Alkaline Diet: Benefits, Foods to Eat and Avoid

One of the more popular diets running around the public consciousness as of late is the alkaline diet or alkaline ash diet. You see a lot of websites and programs dedicated to the alkaline diet.

At its basic level, the alkaline diet is supposed to balance out the pH levels in the body’s blood and urine. But what are the alkaline diet benefits? What are alkaline foods? If you are curious about the alkaline diet plan, we’ve got the basics for you.

We cover the health benefits, alkaline ash diet foods, and everything you need to know if you’re considering this popular diet.

How Does the Alkaline Diet Benefit Your Health?

The first thing to know when researching an alkaline diet is that it may work, just not for the reasons that many sites and books tell you it will. The entire focus of the diet is to eat foods that balance the pH levels in your blood and urine.

The fact is that our body has a number of built-in systems to regulate the pH in blood because if it were to change due to outside forces such as food, you would probably die. One such system of our body that helps regulate pH is releasing or exhaling carbon dioxide.

That being said, the diet may be able to entirely change the pH levels in your urine, but testing urine is not a very good way to test your body’s overall pH levels.

All things considered, the benefits of an alkaline diet are not in balancing pH but in the diet itself. The alkaline diet promotes healthy eating. The diet promotes eating a lot of healthy foods like fruits and vegetables.

It’s also a diet that’s low in meat, gluten, and dairy. All of this has many positive health benefits.

The alkaline diet is a decent diet for weight loss. Consuming large amounts of fruits and vegetables will add a great deal of fiber to your diet, which is helpful for weight loss because it helps the body feel full for a longer time period.

Fruits and veggies are also beneficial because they are naturally low in calories and saturated fat. Combine this with regular exercise, and you’ve got a pretty winning combination.

Diets filled with fruits and vegetables also tend to be good for overall health as the fiber that can be found within has been shown to benefit heart health. The antioxidants in fruits and vegetables also are believed to fight free radicals, which could make them effective as prevention methods for various cancers and cardiovascular diseases.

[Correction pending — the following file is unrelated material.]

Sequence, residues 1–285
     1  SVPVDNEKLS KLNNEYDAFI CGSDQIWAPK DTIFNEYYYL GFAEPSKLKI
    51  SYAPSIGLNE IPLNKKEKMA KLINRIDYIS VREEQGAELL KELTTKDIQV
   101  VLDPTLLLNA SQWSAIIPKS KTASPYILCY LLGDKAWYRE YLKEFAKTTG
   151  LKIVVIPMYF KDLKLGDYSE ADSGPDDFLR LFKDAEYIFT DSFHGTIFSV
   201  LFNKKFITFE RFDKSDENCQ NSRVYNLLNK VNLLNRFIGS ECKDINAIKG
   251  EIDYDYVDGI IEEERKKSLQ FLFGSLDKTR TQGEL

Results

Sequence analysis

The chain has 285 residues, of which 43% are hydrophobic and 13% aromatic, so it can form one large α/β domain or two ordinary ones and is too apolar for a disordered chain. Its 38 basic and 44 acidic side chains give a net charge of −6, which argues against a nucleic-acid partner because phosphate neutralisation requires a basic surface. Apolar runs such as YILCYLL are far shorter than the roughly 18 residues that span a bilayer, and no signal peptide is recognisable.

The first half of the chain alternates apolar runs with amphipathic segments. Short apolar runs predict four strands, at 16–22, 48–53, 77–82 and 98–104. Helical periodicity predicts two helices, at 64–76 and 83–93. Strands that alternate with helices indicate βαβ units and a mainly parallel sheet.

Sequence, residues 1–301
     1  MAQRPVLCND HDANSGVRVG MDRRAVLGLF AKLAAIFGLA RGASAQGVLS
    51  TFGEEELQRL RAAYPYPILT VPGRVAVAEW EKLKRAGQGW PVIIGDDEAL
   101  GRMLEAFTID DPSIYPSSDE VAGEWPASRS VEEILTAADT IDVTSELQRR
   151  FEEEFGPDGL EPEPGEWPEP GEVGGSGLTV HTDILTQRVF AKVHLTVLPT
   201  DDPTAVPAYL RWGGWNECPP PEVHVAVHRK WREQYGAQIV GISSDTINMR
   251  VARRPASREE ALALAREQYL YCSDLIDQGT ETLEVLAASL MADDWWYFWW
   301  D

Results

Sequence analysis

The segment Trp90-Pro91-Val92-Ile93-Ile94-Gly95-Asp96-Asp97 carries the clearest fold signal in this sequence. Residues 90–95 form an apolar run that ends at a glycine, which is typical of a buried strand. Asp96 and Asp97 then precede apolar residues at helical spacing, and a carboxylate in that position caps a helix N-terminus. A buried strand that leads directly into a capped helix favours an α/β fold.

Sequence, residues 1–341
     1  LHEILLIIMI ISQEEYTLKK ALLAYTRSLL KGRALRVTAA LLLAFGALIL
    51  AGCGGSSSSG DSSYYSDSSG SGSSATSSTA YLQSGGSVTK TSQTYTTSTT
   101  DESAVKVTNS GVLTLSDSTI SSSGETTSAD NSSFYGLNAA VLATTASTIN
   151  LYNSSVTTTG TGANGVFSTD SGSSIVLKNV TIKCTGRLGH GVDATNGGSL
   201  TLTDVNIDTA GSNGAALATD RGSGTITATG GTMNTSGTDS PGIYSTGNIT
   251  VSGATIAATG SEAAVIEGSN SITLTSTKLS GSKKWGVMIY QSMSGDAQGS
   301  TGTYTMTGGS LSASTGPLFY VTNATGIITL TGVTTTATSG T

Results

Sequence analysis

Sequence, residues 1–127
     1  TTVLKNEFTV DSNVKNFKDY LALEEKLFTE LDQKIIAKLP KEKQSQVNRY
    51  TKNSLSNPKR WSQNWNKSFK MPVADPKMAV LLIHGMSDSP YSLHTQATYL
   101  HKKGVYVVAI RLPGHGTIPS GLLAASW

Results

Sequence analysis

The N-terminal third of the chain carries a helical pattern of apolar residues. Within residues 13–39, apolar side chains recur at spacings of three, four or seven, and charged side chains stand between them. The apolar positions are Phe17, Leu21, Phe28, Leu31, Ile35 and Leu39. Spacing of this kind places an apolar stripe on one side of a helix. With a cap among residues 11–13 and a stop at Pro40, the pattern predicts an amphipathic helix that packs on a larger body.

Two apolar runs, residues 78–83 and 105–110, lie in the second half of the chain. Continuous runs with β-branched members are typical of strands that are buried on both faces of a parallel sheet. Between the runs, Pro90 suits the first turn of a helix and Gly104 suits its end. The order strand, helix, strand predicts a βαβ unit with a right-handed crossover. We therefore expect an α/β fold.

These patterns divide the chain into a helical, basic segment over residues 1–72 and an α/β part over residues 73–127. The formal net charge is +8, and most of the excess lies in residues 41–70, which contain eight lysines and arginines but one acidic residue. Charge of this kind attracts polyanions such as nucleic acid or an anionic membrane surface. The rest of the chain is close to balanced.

While the alkaline diet may not work the way it is advertised, it definitely does have a number of health benefits that you may want to consider. At the very least, it is a fairly well-balanced diet for weight loss if you combine it with exercise.

If the alkaline diet sounds like it may be for you and your health goals, the next step is to figure out the different types of food you can and cannot eat while on an alkaline diet and which foods you can eat in moderation. We’ve already done a little work to help you out.

Foods You Can Eat on an Alkaline Diet

As with many diets, one of the hardest things to figure out is what you can and can’t eat. Here we explore the alkaline diet foods to eat, and you may be surprised by what is allowed on the diet. Keep in mind this is a general overview; there are a number of variations of the alkaline diet, so you may want to also consult with a doctor and or a nutritionist.

1. Vegetables

Most vegetables are allowed. Both leafy greens and root vegetables are available to you, and you can eat as much of them as you want. Beets, cauliflower, kale, onions, are all examples of the allowed vegetables.

diet2. Fruits

Fruits are perfectly good for the diet as well, including apples, berries, bananas, various melons, and oranges. Most versions of the alkaline diet suggest that the fruits and vegetables be eaten as close to whole as you can get. Eat them raw or steamed with as many of the vitamins and nutrients intact.

3. Protein

The alkaline diet also gives a leg up to many vegetarians as tofu is allowed. Other proteins that fall in with the alkaline diet are almonds and chestnuts.